To Gov Staff: Dont Stack Papers Too High On Weak Floors

Story ByKoen BerghuisSub EditorJoseph GolderAgencyCEN

Civil servants working for the Ministry of Infrastructure have been told not to stack papers too high due to concerns over their building’s weak floors.

The unusual decree was issued to civil servants at ‘Rijnstraat 8’, an office building in the Dutch city of The Hague which houses the Ministry of Infrastructure and Water Management.

Over 6,000 government workers received notice that they can no longer have big paper stacks in the printer room or have heavy furniture and safes, according to local media.

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Pictures Credit: CEN

The new directive even forbids workers from placing a second row of chairs around the meeting room table.

Civil servants were also banned from organising “dance parties” in the building’s restaurant.

According to local media, the warning came after concerns about the building’s weak floors.

The authority responsible for managing government buildings wrote in an internal message that it is “annoying for all employees that they cannot use the entire building without limitations”.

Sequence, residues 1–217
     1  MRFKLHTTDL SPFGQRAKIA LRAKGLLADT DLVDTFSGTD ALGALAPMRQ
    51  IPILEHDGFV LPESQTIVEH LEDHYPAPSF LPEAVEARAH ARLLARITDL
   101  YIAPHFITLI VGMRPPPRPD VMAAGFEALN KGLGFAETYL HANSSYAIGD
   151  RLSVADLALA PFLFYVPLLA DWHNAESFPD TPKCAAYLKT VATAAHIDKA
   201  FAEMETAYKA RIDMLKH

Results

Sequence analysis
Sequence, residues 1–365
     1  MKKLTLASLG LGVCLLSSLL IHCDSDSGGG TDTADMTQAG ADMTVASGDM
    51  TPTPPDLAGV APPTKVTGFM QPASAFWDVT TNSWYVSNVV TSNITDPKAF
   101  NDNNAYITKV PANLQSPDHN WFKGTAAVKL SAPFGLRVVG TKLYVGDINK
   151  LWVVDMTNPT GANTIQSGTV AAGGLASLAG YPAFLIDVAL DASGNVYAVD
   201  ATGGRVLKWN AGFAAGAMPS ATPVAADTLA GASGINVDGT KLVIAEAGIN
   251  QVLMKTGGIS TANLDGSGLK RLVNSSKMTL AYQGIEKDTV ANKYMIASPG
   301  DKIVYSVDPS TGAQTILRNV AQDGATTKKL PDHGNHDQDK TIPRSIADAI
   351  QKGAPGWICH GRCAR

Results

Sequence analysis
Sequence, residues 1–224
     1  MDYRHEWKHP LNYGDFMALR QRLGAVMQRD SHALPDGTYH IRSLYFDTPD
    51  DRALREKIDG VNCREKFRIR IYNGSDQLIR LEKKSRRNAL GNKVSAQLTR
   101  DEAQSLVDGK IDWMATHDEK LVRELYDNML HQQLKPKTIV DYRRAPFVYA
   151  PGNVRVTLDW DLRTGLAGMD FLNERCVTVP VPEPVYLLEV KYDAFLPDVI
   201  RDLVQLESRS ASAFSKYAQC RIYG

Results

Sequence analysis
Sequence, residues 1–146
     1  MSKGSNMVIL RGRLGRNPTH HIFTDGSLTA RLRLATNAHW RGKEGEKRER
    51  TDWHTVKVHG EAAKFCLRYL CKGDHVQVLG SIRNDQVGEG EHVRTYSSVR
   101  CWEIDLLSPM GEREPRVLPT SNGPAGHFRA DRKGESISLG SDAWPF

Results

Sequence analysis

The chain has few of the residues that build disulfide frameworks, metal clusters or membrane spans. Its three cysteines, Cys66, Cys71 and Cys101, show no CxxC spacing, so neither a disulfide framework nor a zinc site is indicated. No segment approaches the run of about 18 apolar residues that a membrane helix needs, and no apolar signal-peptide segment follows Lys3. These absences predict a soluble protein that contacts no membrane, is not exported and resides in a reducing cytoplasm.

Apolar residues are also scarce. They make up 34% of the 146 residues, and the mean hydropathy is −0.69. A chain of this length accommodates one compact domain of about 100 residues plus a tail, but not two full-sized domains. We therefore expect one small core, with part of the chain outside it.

A spokesman said that there is no danger for the safety of the workers and the building is still safe to use.

However, he added: “It is better to be safe than sorry.”

The government property authority has employed so-called ‘floor walkers’ to check that civil servants are following the new rules.

According to local media, several government buildings were built using precast concrete panel floors which can be dangerous if they are not assembled in the right way.

The problems with the floors have been revealed after all government buildings were checked when a parking garage at Eindhoven Airport collapsed on 27th May last year.

The Ministry of Infrastructure building also houses the Ministry of Foreign Affairs and the country’s immigration and asylum authorities

Koen Berghuis

Editor of DACHS / Benelux desk for Central European News, roving correspondent with a penchant for travel, culture, geopolitics, history and the in-depth story behind the headlines.

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